The Mayo Clinic describes muscular dystrophy as “a group of diseases that cause progressive weakness and loss of muscle mass.” And the NIH National Library of Medicine describes infant-onset Pompe Disease (a rare form of muscular dystrophy):
“Infants with this disorder typically experience muscle weakness (myopathy), poor muscle tone (hypotonia), an enlarged liver (hepatomegaly), and heart defects. Affected infants may also fail to gain weight and grow at the expected rate (failure to thrive) and have breathing problems. If untreated, this form of Pompe Disease leads to death from heart failure in the first year of life.”
The illustrious pediatrician/vivisector, Dr. Barry J. Byrne, is directly responsible for the genetically-modified breeding of untold numbers of mice, dogs, and monkeys to exhibit the debilitating neurological and musculoskeletal mutations associated with muscular dystrophy and Pompe disease. For his efforts, Dr. Byrne has received high public praise, even a nomination for a “Spirit of Gainesville” award:
“Dr. Byrne has been relentless in his pursuit of a treatment/cure for various forms of rare diseases, such as Pompe Disease, Duchenne Muscular Dystrophy and Barth’s Syndrome. His focus on oft overlooked diseases has put the University of Florida on the map in new advances for these diseases.”
- “A biotechnology company has raised $30 million to advance gene therapy treatments developed at the University of Florida Powell Gene Therapy Center. The funding also will help UF Health researchers bring a novel form of gene therapy to patients with Pompe disease, a rare form of muscular dystrophy.” This appears to be a collaboration related to a PeTA campaign involving dogs being bred inside Texas A&M for these experiments.
- According to a separate federally-funded grant, “this work is a collaborative effort between a clinician and gene therapy researcher (B.J. Byrne) and a respiratory control scientist (D.D. Fuller).” Part of this money is dedicated to experimenting on mice that have been bred to exhibit painful conditions including “tongue motor problems” and diaphragm deformities causing impaired breathing. They estimate that they will be earning $500,000 annually to torture these mice further on a bi-weekly basis.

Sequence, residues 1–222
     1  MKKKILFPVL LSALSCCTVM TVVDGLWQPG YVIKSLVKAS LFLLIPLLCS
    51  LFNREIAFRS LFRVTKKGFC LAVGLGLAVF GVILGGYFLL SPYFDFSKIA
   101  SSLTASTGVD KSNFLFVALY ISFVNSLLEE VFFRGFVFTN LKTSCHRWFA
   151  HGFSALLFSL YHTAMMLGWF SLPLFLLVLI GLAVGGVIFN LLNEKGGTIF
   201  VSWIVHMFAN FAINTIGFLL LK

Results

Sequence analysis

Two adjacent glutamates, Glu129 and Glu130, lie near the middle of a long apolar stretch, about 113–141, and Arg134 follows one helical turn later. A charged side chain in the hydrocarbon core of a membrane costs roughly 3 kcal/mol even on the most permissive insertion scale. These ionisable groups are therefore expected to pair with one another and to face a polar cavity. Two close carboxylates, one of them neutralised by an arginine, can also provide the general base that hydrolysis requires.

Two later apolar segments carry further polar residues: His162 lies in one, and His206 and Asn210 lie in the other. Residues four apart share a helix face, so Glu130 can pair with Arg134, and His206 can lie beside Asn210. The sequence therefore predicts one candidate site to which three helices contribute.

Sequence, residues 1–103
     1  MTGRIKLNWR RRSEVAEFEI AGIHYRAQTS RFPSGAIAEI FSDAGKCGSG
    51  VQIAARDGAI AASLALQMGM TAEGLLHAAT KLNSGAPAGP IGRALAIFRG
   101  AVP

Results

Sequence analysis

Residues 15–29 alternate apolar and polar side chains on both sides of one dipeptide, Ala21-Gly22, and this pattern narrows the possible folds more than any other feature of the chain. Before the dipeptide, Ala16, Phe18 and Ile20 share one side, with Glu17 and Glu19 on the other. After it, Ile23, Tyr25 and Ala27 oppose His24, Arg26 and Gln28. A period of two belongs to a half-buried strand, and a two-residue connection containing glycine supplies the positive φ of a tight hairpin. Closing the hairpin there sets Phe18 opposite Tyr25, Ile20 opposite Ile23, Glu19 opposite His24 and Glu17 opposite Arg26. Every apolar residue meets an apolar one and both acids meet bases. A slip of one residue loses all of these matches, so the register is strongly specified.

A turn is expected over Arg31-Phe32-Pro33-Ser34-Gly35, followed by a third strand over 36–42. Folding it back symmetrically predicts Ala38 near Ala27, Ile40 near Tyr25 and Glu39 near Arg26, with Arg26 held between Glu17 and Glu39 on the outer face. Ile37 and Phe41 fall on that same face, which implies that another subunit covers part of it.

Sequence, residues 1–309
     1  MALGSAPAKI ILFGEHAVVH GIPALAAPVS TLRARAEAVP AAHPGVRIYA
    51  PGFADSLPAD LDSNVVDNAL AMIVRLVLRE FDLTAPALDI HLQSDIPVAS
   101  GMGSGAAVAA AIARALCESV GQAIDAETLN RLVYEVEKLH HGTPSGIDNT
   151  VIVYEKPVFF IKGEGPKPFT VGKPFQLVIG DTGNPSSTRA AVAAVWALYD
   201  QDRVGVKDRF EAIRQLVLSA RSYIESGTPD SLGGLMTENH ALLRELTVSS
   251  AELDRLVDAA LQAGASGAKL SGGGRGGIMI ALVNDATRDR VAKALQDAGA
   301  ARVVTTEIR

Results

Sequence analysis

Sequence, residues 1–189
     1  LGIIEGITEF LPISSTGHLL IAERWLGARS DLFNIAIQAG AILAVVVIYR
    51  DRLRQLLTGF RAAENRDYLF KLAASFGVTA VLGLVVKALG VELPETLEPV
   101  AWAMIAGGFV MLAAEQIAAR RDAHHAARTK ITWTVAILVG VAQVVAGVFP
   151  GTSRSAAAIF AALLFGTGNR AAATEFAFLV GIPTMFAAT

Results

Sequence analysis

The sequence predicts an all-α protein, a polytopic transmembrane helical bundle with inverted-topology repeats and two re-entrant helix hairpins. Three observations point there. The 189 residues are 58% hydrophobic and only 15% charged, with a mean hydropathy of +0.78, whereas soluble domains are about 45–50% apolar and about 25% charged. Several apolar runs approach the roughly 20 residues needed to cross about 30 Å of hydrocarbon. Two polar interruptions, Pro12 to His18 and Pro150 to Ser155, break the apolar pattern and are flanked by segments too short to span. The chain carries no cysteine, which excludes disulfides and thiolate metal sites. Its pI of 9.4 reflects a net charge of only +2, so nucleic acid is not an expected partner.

- Yet another grant will focus on dosing infant rhesus monkeys who are likely being bred inside the University of Florida to exhibit “impeded cardiac, respiratory and neuromuscular function “being done concurrently with “other IND-enabling primate studies.” In plain language, IND-enabling indicates big pharma being allowed to ship drugs across state lines to test on UF’s imprisoned monkeys.
At the moment, I can only confirm the particulars of this lucrative torture regimen and the participants. Information about the condition of the nonhuman primates and dogs will be published when I have UF’s lab records in my hands.
I agree with the Gainesville Sun’s characterization of Dr. Byrne’s atrocities against nonhumans as relentless. Perhaps that’s because up until today, the only rewards for his war crimes have been money and accolades. Now that his loved ones are about to share the spotlight with him, maybe he’ll reconsider his penchant for animal torture. Maybe his loved ones will be able to persuade him to reconsider. Maybe we’ll focus our attention on Laura next. For now, Eleventh Hour for Animals is returning to Gainesville on Saturday to re-establish a presence as well as recruit. And you never know where we’ll be or who we may intend to engage.